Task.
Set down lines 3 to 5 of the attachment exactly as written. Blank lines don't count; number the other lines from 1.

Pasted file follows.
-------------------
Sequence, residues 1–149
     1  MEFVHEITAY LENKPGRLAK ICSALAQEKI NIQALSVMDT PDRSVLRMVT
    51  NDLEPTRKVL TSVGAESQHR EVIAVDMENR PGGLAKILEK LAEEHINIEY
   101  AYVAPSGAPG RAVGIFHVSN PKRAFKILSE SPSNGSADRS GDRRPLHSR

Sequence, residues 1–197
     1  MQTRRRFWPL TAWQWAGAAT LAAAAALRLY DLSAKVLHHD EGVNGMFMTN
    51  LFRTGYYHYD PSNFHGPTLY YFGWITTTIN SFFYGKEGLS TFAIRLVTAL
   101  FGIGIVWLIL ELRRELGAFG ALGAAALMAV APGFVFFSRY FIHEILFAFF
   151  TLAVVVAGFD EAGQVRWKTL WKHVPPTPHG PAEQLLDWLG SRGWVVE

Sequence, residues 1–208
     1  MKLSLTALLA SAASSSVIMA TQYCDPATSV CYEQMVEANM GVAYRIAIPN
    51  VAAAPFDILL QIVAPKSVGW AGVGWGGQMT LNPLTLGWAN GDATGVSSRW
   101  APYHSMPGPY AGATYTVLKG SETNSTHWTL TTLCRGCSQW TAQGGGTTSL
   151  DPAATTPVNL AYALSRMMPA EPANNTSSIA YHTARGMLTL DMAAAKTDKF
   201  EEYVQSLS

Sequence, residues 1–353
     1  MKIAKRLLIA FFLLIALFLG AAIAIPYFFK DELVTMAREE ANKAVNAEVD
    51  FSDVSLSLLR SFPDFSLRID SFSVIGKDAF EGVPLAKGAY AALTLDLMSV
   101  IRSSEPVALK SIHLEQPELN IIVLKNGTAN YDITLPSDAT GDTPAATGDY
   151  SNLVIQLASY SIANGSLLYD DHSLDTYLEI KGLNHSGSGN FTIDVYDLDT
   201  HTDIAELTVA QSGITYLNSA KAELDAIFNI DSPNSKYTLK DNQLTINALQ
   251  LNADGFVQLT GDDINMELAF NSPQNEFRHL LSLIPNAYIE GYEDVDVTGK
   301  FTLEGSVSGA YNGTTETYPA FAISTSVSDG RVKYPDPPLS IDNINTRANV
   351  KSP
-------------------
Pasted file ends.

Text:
    51  NDLEPTRKVL TSVGAESQHR EVIAVDMENR PGGLAKILEK LAEEHINIEY
   101  AYVAPSGAPG RAVGIFHVSN PKRAFKILSE SPSNGSADRS GDRRPLHSR

Sequence, residues 1–197